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Rosemond v. USA Doc.

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6:06-cv-02741-HMH Date Filed 09/29/2006 Entry Number 2 Page 1 of 3

IN THE UNITED STATES DISTRICT COURT


FOR THE DISTRICT OF SOUTH CAROLINA
GREENVILLE DIVISION

United States of America ) 6:06cv2741-HMH


)
vs. )
)
Calvin Rosemond, Jr., ) OPINION AND ORDER
)
Movant. )

This matter is before the court on Calvin Rosemond’s (“Rosemond”) “Request to Reopen

the Judgment due to Deprivation of Petitioner’s Right to Counsel of Choice.” The court construes

this as a motion pursuant to Rule 60(b) of the Federal Rules of Civil Procedure. For the reason set

forth below, the court dismisses Rosemond’s § 2255 motion.

The United States Court of Appeals for the Fourth Circuit has admonished the court to be

watchful and distinguish “a proper Rule 60(b) motion from a successive [motion pursuant to 28

U.S.C. § 2255] in 60(b)’s clothing.” United States v. Winestock, 340 F.3d 200, 207 (4th Cir.

2003) (internal quotation marks omitted). “[A] district court has no discretion to rule on a Rule

60(b) motion that is functionally equivalent to a successive [§ 2255 motion].” Id. at 206.

Furthermore, “a prisoner seeking to file a successive [§ 2255 motion] in the district court must first

obtain authorization from the appropriate court of appeals.” Id. at 205. Otherwise, “[i]n the

absence of pre-filing authorization, the district court lacks jurisdiction to consider [a successive §

2255 motion] containing abusive or repetitive claims.” Id.

Therefore, the court must distinguish a proper Rule 60(b) motion from a

§ 2255 motion. “[A] motion directly attacking the prisoner’s conviction or sentence will usually

amount to a successive [§ 2255 motion], while a motion seeking a remedy for some defect in the

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collateral review process will generally be deemed a proper motion to reconsider.” Id. at 207.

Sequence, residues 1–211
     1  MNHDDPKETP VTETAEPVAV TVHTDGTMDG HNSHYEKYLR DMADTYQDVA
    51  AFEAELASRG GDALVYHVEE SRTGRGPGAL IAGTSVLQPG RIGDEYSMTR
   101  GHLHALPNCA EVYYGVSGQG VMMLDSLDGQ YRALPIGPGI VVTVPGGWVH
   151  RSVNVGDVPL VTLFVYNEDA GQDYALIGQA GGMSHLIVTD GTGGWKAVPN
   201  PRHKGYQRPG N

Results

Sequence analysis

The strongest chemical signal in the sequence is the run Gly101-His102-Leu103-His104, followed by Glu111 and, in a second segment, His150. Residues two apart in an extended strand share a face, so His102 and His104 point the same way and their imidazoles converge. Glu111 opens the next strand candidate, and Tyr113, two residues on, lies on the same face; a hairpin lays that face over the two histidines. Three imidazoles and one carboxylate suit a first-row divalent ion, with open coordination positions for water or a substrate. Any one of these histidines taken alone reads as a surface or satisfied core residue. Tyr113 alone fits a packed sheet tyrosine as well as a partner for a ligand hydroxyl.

Rosemond’s motion attacks the validity of his conviction and sentence. Therefore, the court

construes Rosemond’s instant motion as one to vacate, set aside, or correct his sentence pursuant

to § 2255.

Rosemond filed a § 2255 motion on February 3, 2005,1 which the court summarily

dismissed on March 22, 2005. As such, the instant § 2255 motion is successive. As noted above,

“a prisoner seeking to file a successive application in the district court must first obtain

authorization from the appropriate court of appeals.” United States v. Winestock, 340 F.3d 200,

205 (4th Cir. 2003) (citing 28 U.S.C. § 2244(b)(3)); see also 28 U.S.C. § 2255 (2006) (“A second

or successive motion [under this section] must be certified as provided in section 2244 by a panel

of the appropriate court of appeals . . . .”). Rosemond has not obtained authorization from the

appropriate United States Court of Appeals to proceed with a second or successive § 2255 motion.

Additionally, Rosemond has failed to show “[reliance] on either a new and retroactive rule of

constitutional law or new facts showing a high probability of actual innocence” such that his

motion should not be considered successive. Gonzalez v. Crosby, 125 S. Ct. 2641, 2646 (U.S.

2005); see 28 U.S.C. § 2244(b)(2) (West Supp. 2006). Therefore, this court lacks jurisdiction over

Rosemond’s § 2255 motion.

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See Houston v. Lack, 487 U.S. 266 (1988).

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It is therefore

ORDERED that Rosemond’s § 2255 motion is dismissed.

IT IS SO ORDERED.

s/Henry M. Herlong, Jr.


United States District Judge

Greenville, South Carolina


September 29, 2006

NOTICE OF RIGHT TO APPEAL

The movant is hereby notified that he has the right to appeal this order within sixty (60)

days from the date hereof, pursuant to Rules 3 and 4 of the Federal Rules of Appellate Procedure.